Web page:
BYD chairman Wang Chuanfu expects sales growth to slow in 2024, banks on export surge to shore up profitability

BYD chairman Wang Chuanfu expects sales growth to slow in 2024, banks on export surge to shore up profitability

BYD chairman Wang Chuanfu expects sales growth to slow in 2024, banks on export surge to shore up profitability

BYD, the world’s largest electric-vehicle (EV) maker, is targeting a 20 per cent increase in sales this year, just a third of last year’s tally, as overcapacity concerns and a price war loom over the sector in mainland China.

Wang Chuanfu, the Shenzhen-based carmaker’s chairman and president, told an investors’ conference on Wednesday that deliveries in 2024 could top 3.6 million units, 20 per cent more than last year’s 3.02 million units, according to the meeting’s minutes seen by the Post. The projected year-on-year increase would represent just a third of the 62.3 per cent jump recorded last year.

Wang also forecast that exports will more than double to 500,000 units this year, as BYD steps up its go-global campaign.

BYD did not respond to a request for comment.

“Overall demand for EVs [in China] is set to fall in 2024, as consumers refrain from buying items such as cars due to concerns about job prospects and incomes,” said Zhao Zhen, a sales director with Shanghai-based dealer Wan Zhuo Auto. “A 20 per cent increase will not be easy to achieve, given the current weak market sentiment.”

In the first two months of this year, BYD delivered 325,706 cars to customers, an increase of 2.9 per cent from the same period in 2023. It has since February 18 slashed the prices of nearly all of its cars by 5 to 20 per cent, as sales in the world’s largest EV market show signs of slowing.

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Many of BYD’s rivals, ­including Xpeng, Zeekr and SAIC-GM-Wuling, General Motors’ three-way venture in China, have followed its move and reduced the prices of their bestselling models in a cutthroat market.

Cui Dongshu, general ­secretary of the China Passenger Car Association, last month said that most carmakers were likely to continue offering discounts to retain market share, which could reshape the domestic market.

During the meeting with investors, Wang said price reductions could affect the per-vehicle margin, the gap between the selling price and tangible costs such as raw materials, labour and logistics. But he added that rising sales volume could help BYD sustain its profit growth.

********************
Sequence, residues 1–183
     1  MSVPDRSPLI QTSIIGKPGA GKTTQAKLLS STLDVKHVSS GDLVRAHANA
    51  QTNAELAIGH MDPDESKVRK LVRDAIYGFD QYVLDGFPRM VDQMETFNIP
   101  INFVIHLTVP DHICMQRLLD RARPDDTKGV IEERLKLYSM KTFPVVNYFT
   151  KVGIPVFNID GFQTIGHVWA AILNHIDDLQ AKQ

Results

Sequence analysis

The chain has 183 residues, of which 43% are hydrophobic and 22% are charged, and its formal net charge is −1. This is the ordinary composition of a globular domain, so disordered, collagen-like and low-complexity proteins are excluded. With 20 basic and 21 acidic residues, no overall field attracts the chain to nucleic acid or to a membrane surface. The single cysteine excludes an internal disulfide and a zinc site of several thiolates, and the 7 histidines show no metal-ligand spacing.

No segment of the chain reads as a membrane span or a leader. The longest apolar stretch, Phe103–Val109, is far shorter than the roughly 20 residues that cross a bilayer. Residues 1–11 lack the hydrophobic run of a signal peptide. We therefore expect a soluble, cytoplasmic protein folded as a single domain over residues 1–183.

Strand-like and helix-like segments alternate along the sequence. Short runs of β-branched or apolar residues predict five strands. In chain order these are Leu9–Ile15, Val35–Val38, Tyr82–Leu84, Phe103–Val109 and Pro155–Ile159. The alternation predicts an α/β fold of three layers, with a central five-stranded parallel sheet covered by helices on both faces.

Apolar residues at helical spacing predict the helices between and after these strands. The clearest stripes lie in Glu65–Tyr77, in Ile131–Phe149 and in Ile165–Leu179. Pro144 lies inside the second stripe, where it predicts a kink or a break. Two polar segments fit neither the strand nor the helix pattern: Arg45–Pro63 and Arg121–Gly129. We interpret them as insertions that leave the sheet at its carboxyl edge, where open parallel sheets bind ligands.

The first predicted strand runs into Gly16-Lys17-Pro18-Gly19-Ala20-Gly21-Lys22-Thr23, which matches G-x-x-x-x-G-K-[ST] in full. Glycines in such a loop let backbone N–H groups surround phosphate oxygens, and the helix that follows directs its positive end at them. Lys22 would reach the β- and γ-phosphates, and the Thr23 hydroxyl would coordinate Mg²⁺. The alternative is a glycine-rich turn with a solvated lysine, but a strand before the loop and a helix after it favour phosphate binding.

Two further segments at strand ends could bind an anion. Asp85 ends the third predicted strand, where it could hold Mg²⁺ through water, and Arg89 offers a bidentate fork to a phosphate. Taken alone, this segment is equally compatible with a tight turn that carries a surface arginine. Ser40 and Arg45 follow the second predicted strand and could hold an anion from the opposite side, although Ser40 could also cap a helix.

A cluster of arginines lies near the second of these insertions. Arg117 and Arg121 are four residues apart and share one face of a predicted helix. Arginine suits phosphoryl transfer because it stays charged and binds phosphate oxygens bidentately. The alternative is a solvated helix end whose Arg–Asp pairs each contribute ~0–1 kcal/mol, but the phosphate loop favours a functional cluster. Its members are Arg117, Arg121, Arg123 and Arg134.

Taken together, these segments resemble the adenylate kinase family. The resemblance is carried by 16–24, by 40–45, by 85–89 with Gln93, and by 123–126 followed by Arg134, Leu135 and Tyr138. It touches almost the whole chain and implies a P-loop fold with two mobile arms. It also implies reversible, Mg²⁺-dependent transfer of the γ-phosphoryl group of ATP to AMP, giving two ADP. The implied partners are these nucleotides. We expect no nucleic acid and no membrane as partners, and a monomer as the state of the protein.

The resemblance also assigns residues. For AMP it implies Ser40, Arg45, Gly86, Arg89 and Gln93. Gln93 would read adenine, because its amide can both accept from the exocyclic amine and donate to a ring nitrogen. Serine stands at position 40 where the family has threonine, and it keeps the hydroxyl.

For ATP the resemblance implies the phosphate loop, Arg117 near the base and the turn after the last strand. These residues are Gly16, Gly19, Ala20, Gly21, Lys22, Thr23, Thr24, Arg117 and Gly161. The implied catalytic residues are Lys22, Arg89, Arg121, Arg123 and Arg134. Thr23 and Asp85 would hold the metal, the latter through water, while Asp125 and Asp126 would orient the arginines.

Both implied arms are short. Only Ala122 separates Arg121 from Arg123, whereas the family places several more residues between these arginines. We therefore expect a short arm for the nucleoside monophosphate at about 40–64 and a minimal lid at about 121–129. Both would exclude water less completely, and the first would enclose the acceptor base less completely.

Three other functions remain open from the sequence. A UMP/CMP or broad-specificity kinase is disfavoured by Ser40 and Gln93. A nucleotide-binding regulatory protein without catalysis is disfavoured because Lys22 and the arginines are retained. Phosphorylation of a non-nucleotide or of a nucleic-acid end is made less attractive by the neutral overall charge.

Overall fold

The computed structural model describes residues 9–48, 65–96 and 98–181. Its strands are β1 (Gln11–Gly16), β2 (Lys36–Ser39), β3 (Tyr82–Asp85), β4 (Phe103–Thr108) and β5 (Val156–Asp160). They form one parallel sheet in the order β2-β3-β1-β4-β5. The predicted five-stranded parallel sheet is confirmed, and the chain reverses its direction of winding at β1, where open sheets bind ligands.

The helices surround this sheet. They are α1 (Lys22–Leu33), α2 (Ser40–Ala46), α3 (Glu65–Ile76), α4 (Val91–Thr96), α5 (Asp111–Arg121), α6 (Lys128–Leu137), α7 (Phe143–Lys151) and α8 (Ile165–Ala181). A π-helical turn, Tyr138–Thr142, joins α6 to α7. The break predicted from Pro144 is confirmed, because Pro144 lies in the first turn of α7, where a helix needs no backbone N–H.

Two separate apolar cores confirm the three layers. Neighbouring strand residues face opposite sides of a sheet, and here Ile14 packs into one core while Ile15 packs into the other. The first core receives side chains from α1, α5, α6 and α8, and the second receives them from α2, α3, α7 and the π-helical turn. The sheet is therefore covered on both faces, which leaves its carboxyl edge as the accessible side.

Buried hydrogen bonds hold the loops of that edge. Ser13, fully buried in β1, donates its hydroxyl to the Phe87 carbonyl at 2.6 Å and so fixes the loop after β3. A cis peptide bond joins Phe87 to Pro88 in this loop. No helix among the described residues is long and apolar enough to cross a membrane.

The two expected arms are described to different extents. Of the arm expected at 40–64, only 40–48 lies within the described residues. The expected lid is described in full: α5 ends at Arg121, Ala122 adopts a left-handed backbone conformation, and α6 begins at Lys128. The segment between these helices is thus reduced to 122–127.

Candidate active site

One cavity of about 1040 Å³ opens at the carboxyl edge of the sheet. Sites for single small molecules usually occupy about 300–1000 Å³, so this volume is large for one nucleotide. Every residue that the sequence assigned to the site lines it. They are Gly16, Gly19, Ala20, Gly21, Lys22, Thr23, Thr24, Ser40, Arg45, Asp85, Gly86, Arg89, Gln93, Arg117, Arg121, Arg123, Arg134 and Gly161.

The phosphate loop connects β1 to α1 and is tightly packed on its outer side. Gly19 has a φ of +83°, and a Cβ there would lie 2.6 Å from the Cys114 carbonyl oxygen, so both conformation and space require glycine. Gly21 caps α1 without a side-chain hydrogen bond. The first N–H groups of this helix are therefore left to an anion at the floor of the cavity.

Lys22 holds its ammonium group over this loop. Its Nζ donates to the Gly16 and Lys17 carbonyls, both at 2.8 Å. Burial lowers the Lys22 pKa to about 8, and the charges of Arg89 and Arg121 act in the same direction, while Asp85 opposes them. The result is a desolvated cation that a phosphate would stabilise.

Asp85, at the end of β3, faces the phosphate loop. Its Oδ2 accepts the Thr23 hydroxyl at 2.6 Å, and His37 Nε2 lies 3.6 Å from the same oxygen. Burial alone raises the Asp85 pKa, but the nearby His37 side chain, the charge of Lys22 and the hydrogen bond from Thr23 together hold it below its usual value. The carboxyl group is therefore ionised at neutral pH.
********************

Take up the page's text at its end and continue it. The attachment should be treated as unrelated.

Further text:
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Last year, most of BYD’s sales were on the mainland, with exports accounting for only 242,765 units, or 8 per cent of the total. But the exports tally represented a 334 per cent jump over 2022.

Wang said a surge in overseas shipments will also effectively bolster company profitability because its cars are priced higher outside the mainland.

“We expect the overseas volume to reach 450,000 units in 2024, and for it to make a disproportionately higher contribution to the earnings mix, on higher margins and a more favourable pricing environment,” HSBC said in a research note on Wednesday.

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Strong orders for some of BYD’s budget models will also quicken a transition from petrol cars to battery-powered vehicles in China’s automotive sector, the bank said.

BYD posted a record net profit of 30.04 billion yuan (US$4.16 billion) for 2023, up 81 per cent from a year earlier.

The carmaker, which is backed by Warren Buffett’s Berkshire Hathaway, dominates the mass category of the Chinese EV market, where EVs are sold at prices between 80,000 yuan and 200,000 yuan.

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